Expect a change in the Protocol, bearing in mind that in the period covered by the last America's Cup, there were 20 versions of the Protocol published as changes were promulgated.

Come August 8, there are expected to be at least four Challenges for the America's Cup, three years out from the Regatta.


No love lost
The next in line, as Challenger of Record, is widely expected to be Italy's Luna Rossa, headed by Patrizio Bertelli. There is little love lost between the long time Italian Challenger and the America's Cup Events Authority.

The Italians twice hauled ACEA in front of the International Jury before the 34th America's Cup over commercial issues. They also took Oracle Team USA to task over a breach of the surveillance rules in Auckland, when an OTUSA tender stopped within 200 metres of the Italian AC72 as the Oracle crew took photographs. That exercise earned the Defender a five day suspension from sailing at the end of April 2013, just before the Artemis tragedy on May 6, which triggered a further two-week suspension on all teams.

Luna Rossa, as mentioned have a long history in the America's Cup. Their team Principal, Patrizio Bertelli has a very clear and direct manner. He is well aware, and very respectful of the traditions of the America's Cup.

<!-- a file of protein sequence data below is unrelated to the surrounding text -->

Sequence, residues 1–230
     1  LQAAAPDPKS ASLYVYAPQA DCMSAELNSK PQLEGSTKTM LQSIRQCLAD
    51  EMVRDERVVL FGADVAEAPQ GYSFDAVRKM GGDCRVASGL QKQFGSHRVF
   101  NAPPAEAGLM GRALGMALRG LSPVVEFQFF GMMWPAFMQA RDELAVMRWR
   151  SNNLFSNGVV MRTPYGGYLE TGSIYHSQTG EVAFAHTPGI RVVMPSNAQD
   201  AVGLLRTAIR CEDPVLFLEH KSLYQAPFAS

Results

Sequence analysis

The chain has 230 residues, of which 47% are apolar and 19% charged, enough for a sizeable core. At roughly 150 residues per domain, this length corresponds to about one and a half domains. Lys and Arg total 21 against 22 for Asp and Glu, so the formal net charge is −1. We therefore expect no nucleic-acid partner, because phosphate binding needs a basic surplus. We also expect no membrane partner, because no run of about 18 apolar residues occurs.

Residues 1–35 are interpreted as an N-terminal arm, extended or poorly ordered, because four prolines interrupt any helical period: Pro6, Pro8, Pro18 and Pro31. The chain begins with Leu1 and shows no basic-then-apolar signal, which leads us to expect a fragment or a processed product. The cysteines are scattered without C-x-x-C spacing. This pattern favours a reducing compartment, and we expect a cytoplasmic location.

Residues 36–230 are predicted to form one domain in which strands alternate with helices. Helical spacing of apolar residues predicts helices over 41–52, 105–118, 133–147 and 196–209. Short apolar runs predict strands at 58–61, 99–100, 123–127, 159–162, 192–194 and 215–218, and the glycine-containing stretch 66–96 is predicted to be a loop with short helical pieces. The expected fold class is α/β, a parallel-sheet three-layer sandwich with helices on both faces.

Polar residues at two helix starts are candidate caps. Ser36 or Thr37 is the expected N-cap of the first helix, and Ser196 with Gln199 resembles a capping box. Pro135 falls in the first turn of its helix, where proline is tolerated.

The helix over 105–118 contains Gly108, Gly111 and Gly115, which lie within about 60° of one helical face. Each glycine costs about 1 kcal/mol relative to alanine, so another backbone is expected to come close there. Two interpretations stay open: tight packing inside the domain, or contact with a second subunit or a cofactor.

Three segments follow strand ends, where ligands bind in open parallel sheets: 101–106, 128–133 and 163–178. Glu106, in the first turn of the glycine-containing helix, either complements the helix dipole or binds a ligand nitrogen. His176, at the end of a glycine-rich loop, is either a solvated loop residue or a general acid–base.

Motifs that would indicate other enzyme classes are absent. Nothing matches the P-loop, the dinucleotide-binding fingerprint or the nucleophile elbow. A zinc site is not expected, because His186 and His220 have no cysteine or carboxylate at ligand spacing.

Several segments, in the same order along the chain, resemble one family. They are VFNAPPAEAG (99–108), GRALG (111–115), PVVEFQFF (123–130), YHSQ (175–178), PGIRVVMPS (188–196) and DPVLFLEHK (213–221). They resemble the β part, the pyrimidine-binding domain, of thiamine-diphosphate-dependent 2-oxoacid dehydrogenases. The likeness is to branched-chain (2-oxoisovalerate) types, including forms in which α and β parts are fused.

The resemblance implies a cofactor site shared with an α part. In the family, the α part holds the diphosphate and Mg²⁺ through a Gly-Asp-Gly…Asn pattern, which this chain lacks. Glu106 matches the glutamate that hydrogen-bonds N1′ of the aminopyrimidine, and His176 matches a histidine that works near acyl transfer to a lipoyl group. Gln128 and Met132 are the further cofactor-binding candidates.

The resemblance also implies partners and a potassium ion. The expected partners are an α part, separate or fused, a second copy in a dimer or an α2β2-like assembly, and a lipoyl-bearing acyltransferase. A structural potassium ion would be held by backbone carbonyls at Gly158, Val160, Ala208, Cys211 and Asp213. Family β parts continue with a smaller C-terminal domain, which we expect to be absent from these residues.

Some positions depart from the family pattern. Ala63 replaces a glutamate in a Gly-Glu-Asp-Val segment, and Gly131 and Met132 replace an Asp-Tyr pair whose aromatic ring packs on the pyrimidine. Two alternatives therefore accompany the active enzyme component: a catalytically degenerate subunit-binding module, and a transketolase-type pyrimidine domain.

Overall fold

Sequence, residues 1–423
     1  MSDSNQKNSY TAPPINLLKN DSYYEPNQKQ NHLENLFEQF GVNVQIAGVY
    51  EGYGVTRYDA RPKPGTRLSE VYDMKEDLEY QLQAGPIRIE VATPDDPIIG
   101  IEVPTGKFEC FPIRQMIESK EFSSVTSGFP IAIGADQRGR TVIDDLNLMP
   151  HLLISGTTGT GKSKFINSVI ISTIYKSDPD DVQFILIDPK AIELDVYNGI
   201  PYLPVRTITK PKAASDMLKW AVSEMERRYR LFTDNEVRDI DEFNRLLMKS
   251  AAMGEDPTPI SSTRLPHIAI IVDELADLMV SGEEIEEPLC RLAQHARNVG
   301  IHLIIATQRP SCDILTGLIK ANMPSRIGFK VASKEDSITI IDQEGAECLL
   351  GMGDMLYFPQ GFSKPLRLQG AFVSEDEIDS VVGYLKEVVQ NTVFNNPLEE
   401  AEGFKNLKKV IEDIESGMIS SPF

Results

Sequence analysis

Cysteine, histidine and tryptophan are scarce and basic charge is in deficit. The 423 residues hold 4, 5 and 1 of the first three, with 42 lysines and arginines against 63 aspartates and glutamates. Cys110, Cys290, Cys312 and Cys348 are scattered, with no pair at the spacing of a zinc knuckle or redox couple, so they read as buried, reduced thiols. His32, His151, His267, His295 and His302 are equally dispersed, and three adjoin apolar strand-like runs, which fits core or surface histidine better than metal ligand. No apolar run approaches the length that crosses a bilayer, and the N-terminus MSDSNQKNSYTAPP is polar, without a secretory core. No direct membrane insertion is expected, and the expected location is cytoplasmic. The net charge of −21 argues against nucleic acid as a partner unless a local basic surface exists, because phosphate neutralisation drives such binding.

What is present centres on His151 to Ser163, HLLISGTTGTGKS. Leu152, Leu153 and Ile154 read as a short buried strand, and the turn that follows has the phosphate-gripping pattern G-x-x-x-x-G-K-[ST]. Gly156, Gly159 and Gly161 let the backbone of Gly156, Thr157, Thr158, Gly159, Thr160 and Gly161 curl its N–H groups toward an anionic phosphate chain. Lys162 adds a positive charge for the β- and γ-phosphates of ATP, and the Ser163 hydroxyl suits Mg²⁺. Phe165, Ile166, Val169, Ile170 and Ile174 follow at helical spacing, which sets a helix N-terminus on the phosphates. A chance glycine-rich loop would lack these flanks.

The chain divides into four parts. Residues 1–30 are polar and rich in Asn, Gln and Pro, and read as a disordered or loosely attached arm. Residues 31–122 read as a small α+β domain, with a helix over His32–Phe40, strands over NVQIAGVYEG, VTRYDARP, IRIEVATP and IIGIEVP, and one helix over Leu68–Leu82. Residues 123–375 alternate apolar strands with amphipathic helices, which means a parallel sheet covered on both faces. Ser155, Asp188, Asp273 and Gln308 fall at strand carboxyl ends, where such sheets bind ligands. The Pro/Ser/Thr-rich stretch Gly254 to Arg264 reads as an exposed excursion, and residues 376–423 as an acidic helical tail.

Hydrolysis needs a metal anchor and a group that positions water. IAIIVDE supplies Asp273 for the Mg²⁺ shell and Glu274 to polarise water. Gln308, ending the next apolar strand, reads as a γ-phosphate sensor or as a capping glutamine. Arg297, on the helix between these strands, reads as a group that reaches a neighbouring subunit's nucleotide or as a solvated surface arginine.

Should Luna Rossa be installed as Challenger of Record, there will be some very tough talk.

The options are to negotiate a new Protocol, or live with the current version signed by Hamilton Island Yacht Club.

ACEA don't have a reputation for working closely with the Challenger group, who seem to be reasonably united in their views.

'Our way, or the Highway' seems to be their attitude. That is probably not a sound approach to take with Mr Bertelli.

There will have to be negotiation over the Protocol, which was changed significantly within a week of being issued.

As Challenger of Record, Luna Rossa, or more properly their club, have the Right of Veto over any changes to the Protocol. They are likely to have the support of the majority of the Competitor Forum, which also becomes constituted after the close of entries.

In short, the uncompromising attitude of ACEA will have to change.


Challengers on same page
The Competitors Meeting called by Hamilton Island YC confirmed several issues, the key one being that the Challengers want to have the Match sailed in San Francisco.

ACEA is not in a strong position negotiating with the two venues on their short-list knowing that the Challengers want to be somewhere else.